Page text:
Acta Med. 2006, 49: 79-85

Stem Cell Therapy for Demyelinating Disorders

Jan Pazour, Jaroslav Mokrý

Charles University in Prague, Faculty of Medicine and University Hospital in Hradec Králové, Department of Histology and Embryology, Hradec Králové, Czech Republic

Received September 1, 2005
Accepted March 1, 2006

Multiple sclerosis (MS) is a progressive disease of the central nervous system (CNS) that attacks mainly young people. It leads to the progressive deterioration of the neurological status. Histopatologically, this disease is characterized by appearance of multiple foci of the demyelination in white matter of the CNS, with various grade of an axonal loss. The current treatment is targeted on moderating the inflammatory process and symptomatic therapy. In spite of all this therapy, the course of the disease often progresses. The tissue of the CNS in mammalians, including humans, is able to provide some degree of spontaneous remyelination. Unfortunatelly the extent of this process is not sufficient for the complete restoration. The support of remyelination by using the cell manipulations is the aim of many experimental studies. Theoretically, it is possible to achieve remyelination either by exogenous induction of remyelination from endogenous sources (precursor cells) or by the real transplantation of myelin-forming cells intrafocally, intracerebroventricularly or into the blood stream. In this work, we present the brief view on the recent state of this topic. We present the list of the cell types, useable for cell transplantations and the summary of the growth factors influencing the behaviour of the oligodendroglial precursors. We are considering the hampers in usage of the cell therapy of demyelinating disorders in clinics.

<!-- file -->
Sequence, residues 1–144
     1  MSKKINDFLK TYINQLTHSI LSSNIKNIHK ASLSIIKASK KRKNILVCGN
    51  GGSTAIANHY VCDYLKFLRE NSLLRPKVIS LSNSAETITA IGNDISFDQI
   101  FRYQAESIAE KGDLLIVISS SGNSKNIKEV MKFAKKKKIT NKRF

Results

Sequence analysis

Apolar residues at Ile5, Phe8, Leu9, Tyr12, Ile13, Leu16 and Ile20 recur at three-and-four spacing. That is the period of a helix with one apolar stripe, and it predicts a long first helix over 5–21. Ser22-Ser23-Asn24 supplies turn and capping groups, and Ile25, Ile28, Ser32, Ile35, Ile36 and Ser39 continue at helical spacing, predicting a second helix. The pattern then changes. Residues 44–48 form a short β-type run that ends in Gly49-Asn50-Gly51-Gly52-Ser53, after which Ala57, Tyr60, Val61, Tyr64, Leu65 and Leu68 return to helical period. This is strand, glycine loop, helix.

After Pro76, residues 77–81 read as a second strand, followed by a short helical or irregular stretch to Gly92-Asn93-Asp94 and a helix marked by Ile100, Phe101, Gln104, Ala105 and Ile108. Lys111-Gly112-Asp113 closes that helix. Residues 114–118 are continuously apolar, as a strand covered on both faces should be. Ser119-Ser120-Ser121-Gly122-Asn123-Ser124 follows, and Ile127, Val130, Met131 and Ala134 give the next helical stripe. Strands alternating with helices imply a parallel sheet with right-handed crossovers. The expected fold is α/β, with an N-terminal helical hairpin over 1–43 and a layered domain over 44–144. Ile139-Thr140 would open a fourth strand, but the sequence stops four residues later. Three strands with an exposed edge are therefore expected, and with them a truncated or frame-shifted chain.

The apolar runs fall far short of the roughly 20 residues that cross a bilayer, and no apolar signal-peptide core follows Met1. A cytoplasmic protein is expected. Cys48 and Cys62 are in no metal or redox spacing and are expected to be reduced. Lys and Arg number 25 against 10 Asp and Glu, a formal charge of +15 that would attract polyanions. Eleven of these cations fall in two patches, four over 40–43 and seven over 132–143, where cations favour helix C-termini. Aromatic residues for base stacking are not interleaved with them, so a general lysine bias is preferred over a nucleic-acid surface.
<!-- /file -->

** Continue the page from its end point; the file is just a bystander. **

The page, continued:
This work is supported by the grant from IGA Ministry of Health Czech Republic, NR/7969–3.


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